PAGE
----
We had a small article, days back, which in brief compared the Christian Purgatory and the Hellenic Acheronta. In the article we made the postulation that both metaphysical, underworld places, have one in common function: the cleansing of the miasma with the use of fire. Indeed the cleansing rituals, τελετὲς καθαρμοῦ, - and especially, the role of fire in these rituals is extremely important – followed every single step of a person throughout antiquity – and today.

Therefore, from our birth to our last breath we are been involved in a continue cleansing ritual. The infant and the mother, the matrimonial rite and whoever touches the sacred must be absent of any miasma as Iphigenia in Tauris states (1226-9):

But to the natives of this land my voice
Proclaims, from this pollution far remove,
Art thou attendant at the shrine, who liftest
Pure to the gods thy hands, or nuptial rites
Dost thou prepare, or pregnant matron; hence,
Begone, that this defilement none may touch.

Euripides, also presents us how can someone be purged from the miasma, very clearly in his Helen (868-870):

Lead on, bearing before me blazing brands, and, as sacred rites ordain, purge with incense every cranny of the air, that I may breathe heaven's breath free from taint; meanwhile do thou, in case the tread of unclean feet have soiled the path, wave the cleansing flame above it, and brandish the torch in front, that I may pass upon my way.

Nowadays – at list a generation back – folk tradition all around Greece provide us with a practical examples of the above Theonoe’s instruction. The infant and the mother, therefore, must be protected against of any pollution (miasma). A folk example, which gives us the ritual’s pattern, is in Aetolia - Acarnania, where a visitor to a newly born child’s house must pass under a burning charcoal positioned at the threshold.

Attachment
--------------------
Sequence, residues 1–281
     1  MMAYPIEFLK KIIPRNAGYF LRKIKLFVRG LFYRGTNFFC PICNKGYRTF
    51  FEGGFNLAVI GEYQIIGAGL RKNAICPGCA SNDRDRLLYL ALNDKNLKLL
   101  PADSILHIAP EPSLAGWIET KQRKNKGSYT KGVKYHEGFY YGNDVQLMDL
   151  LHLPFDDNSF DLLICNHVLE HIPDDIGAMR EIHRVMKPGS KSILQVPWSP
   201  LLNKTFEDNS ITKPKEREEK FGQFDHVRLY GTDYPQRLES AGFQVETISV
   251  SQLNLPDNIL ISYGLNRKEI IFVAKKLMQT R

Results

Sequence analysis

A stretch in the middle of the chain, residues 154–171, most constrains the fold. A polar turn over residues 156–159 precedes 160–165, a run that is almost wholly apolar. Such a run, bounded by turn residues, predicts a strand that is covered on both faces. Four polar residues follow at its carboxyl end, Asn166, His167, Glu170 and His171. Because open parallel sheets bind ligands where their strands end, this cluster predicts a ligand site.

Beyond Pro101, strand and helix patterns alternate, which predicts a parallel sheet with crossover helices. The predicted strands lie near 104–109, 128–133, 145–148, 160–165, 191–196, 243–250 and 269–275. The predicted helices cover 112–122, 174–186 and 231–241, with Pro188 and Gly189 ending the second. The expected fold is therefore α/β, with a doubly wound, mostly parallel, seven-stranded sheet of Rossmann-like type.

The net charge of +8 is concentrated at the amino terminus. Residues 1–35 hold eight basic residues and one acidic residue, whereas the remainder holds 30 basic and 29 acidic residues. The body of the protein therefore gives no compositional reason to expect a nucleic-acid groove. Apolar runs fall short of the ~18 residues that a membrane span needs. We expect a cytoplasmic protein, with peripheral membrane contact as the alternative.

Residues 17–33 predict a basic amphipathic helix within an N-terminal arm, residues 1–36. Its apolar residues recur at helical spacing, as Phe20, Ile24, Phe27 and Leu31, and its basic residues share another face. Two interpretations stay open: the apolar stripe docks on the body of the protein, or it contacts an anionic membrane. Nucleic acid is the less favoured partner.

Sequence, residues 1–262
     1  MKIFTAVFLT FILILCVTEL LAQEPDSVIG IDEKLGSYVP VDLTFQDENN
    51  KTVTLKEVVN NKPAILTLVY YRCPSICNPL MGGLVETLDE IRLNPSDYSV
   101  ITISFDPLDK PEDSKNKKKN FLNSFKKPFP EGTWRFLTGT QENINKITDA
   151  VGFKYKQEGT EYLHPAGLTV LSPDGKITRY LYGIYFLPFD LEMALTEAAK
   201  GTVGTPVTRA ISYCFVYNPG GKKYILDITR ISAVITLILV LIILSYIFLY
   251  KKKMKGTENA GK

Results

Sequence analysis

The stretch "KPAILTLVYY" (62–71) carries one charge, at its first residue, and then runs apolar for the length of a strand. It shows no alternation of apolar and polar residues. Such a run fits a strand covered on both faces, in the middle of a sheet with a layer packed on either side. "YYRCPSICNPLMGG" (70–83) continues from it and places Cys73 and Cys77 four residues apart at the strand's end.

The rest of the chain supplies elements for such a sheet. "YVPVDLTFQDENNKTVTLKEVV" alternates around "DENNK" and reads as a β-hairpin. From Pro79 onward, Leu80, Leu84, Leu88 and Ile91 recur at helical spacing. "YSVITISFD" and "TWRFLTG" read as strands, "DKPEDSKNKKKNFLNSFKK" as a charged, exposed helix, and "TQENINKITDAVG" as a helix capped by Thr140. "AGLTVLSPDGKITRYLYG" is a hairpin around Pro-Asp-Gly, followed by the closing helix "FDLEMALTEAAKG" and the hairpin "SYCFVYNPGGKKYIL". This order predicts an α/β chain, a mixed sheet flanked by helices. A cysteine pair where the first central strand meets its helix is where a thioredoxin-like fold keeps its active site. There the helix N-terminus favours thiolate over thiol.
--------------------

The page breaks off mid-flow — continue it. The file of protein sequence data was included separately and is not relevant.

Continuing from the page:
But at the same time the mother and the infant for a period of time are polluted. Once again in Iphigenia in Tauris (381-383):

Whoe'er of mortals is with slaughter stain'd,
Or hath at childbirth given assisting hands,
Or chanced to touch aught dead, she as impure
Drives from her altars; yet herself delights

Still today in the infant mother’s room, a candle is on night and day, for maintaining a continue purge. This can be seen and understood as, in fact, the non-extinguished fire, the σβέστου πυρὸς.

Those, who, wished to perform a religious ritual or entreaty or to visit a temenos had to be liturgically purged, in ancient Greek terms “αγνεύῃ”. How that was performed? In Aristophanes, Pease, Trygaeus, provide us with the detail (959):

I take this fire-brand first and plunge it into the water;

With this water the altar and the offering will be sprinkled. Nevertheless, that is not the end of it. As Trygaeus stated earlier in Pease (948):

Here is the basket of barley-seed mingled with salt, the chaplet and the sacred knife; and there is the fire; so we are only waiting for the sheep.

But was not just the very first action of the sacrifice – to extinguish a fire-brand into the water, which was used for purging – but also the oulochitai, οὐλοχύται, or prochetai, προχύται,– the barley used for scattering onto the altar and on the victim(s) – was first purged by the use of fire as Iphigenia mentions in Aulis (1470-1):

Begin the sacrifice with the baskets, let the fire blaze for the purifying meal of sprinkling

Note: This is the second (the first you can see it here) of a series of posts on the “cleansing fire” based on a speech in the University of Thessalonica, Philosophical School, in 1972. In memory of Kyriakou Chatzeioanou (1909-1997).